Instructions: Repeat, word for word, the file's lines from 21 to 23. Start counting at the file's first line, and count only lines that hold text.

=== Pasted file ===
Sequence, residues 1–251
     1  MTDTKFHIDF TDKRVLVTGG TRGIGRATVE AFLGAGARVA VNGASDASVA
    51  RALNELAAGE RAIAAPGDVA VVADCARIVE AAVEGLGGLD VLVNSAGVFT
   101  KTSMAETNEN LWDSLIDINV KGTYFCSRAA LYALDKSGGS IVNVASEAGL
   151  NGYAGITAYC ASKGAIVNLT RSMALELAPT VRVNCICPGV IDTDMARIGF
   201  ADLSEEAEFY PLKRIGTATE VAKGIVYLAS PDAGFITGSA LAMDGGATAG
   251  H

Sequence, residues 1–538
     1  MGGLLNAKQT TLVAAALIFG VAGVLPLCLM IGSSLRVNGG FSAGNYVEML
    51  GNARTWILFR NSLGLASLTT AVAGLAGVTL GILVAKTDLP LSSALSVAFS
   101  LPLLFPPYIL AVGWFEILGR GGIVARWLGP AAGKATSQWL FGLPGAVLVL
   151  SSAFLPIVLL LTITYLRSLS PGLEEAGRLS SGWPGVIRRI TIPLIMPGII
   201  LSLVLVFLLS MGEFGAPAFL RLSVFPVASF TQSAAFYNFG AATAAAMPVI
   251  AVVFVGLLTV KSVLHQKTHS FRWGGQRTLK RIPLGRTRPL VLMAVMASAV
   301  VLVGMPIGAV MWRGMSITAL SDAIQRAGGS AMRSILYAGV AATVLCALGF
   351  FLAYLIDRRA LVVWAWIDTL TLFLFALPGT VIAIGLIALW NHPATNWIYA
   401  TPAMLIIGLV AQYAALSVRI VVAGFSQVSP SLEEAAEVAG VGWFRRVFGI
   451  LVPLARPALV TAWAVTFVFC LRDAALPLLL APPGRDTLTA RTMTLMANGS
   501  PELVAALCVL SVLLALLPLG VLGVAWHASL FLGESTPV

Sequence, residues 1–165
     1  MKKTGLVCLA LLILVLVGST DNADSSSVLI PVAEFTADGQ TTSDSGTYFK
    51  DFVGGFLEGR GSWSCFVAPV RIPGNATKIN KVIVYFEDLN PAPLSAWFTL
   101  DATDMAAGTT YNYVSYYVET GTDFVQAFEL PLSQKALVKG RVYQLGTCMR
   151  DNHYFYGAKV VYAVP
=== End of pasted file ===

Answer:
     1  MKKTGLVCLA LLILVLVGST DNADSSSVLI PVAEFTADGQ TTSDSGTYFK
    51  DFVGGFLEGR GSWSCFVAPV RIPGNATKIN KVIVYFEDLN PAPLSAWFTL
   101  DATDMAAGTT YNYVSYYVET GTDFVQAFEL PLSQKALVKG RVYQLGTCMR